Some of our clients plug into solar in multiple facets. If you’re considering solar for your home, there’s a benefit to learning a little more from this example. Here in this photo you can see solar energy being used in three different ways:
1. Solar PV
We learned about solar PV in our Solar 101 series for July, but for those whom didn’t tune in on that blog… Photovoltaic, or PV energy conversion, directly converts the sun’s light into electricity. Solar photovoltaic (PV) systems can generate clean, cost-effective power anywhere the sun shines. You’ve probably seen PV panels around for years, but recent advancements have greatly improved their efficiency and electrical output. Enough energy from the sun hits the earth every hour to power the planet for an entire year. Solar PV is growing fast, and it can play a big role in America’s clean energy economy.
2. Solar Thermal
Solar thermal systems produce hot water in an environmentally responsible way. Solar thermal energy comes in a multitude of forms, but seen above are solar flat plate collectors. The sun heats a dark flat surface collecting as much energy as possible, and then the energy is transferred to water, air, or other fluid for further use. The harnessed power of the sun provides energy for hydronic systems while reducing utility costs and pollution. Solar thermal can reduce your water heating bills by 50 to 75%, plus diminishes harmful CO2 gasses and allows for an unlimited supply of safe, renewable energy.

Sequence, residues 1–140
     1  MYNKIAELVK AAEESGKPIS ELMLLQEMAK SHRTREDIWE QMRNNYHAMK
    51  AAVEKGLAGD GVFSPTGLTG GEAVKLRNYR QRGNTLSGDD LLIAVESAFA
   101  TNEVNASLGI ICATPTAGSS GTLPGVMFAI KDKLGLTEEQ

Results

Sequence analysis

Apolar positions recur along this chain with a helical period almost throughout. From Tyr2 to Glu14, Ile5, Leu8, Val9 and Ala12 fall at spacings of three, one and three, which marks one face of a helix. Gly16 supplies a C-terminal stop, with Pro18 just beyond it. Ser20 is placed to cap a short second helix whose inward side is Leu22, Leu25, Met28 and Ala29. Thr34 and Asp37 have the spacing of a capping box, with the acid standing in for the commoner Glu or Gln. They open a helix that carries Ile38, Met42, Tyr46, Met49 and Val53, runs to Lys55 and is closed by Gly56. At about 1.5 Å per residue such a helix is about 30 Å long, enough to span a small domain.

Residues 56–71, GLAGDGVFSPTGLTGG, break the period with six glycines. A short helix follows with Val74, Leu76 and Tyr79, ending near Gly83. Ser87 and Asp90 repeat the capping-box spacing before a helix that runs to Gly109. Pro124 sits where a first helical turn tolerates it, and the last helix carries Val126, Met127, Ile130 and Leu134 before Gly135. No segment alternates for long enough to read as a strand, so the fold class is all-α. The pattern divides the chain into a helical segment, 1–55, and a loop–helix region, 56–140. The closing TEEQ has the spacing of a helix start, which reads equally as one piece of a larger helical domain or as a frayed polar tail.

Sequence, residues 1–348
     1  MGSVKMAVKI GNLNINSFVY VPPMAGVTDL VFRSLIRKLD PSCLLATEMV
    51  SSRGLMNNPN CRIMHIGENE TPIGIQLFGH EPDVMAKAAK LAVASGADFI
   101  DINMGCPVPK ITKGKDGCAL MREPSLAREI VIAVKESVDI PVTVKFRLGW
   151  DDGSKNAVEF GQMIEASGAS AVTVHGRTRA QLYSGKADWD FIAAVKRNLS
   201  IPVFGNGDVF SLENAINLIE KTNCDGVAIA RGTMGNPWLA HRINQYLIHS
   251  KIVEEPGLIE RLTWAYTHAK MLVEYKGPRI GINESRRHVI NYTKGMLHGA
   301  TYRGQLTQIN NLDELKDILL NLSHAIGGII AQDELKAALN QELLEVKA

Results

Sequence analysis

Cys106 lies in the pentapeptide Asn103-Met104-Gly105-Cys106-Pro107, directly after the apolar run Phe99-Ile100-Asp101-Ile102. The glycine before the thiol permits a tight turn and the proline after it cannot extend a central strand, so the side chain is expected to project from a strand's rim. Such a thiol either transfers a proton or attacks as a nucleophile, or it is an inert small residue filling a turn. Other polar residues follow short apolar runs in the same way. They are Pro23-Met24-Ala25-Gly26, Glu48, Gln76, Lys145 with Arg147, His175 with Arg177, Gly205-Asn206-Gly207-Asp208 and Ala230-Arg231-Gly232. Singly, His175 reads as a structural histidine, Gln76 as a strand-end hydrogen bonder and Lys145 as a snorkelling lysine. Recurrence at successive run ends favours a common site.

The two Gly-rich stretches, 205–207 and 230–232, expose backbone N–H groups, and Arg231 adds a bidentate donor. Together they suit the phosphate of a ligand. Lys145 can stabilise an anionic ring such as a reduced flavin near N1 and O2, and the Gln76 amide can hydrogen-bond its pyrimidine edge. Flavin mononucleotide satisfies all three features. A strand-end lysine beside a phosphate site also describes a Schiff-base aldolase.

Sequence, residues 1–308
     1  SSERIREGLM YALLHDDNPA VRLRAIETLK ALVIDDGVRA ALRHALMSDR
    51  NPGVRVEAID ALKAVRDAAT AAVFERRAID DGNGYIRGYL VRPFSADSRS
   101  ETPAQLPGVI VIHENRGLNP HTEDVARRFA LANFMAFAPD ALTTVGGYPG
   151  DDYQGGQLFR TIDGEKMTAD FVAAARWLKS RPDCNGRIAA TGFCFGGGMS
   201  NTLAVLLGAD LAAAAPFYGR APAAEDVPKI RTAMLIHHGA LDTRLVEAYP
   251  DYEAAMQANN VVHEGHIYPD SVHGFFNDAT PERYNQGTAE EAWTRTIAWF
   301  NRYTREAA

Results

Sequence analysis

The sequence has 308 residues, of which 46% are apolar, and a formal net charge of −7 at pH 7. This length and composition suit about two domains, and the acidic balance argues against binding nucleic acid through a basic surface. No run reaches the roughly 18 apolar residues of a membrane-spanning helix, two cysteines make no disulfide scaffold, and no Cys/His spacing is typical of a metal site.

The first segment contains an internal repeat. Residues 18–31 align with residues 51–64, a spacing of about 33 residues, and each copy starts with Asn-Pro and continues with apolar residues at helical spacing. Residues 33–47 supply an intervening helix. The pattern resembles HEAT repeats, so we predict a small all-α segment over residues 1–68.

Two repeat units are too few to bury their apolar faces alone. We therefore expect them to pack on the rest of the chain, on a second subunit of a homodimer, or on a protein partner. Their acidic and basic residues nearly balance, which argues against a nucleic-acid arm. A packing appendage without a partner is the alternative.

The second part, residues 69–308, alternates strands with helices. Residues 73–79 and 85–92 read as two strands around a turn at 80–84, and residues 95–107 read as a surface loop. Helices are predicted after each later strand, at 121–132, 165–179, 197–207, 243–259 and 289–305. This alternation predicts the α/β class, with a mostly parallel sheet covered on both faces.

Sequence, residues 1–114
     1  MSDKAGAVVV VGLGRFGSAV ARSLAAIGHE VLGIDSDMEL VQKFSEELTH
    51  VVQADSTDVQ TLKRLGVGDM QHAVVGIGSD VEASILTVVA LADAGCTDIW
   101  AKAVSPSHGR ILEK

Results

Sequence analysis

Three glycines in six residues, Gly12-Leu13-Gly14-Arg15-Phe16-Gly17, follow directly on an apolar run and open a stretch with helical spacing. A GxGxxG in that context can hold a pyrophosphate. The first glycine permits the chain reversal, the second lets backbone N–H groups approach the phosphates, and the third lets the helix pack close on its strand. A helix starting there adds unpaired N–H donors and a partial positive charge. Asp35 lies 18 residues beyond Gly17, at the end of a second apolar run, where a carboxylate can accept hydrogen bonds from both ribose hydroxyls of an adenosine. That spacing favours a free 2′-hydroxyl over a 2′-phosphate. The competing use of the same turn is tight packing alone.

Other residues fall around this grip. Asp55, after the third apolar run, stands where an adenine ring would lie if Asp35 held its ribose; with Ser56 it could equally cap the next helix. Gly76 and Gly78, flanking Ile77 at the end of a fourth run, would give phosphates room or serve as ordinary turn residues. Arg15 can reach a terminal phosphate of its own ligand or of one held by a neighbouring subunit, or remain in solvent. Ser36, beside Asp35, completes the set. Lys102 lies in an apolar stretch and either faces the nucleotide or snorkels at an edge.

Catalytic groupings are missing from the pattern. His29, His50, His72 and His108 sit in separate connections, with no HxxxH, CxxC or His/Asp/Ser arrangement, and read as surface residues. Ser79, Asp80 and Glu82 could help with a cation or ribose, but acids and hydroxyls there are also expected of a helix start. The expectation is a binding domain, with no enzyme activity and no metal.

3. Solar Drying
AKA air drying your laundry! Pretty plain and simple, drying your clothing in the sunlight saves you money and your energy use decreases. Dryers have to apply heat to the clothes to dry them, and they spin their internal barrel which uses even more energy. Many people try to cut their energy usage with just turning off the lights when not in use, however, many fail to realize that drying their clothes in a machine is actually a major contributor to their electric bill as can be seen in the pie graph below.
The “Saving Electricity” website reports that the average dryer uses 3.3 kilowatt hours of energy and estimates an average of 11 cents per kilowatt hour. A small load of clothes takes about 45 minutes in the dryer, so the cost of that load is $0.36.
So let’s come together and get our community making environmental friendly and energy efficient changes using SOLAR!
If you are ready to consider solar for your home and/or have any questions, contact a Sunsense Solar consultant at 970-963-1420 or email Sunsense@SunsenseSolar.com
If you know of anyone who you think would like to go solar, fill out our Referral form. If the referral leads to a signed contract, you will receive $250! It pays to go solar!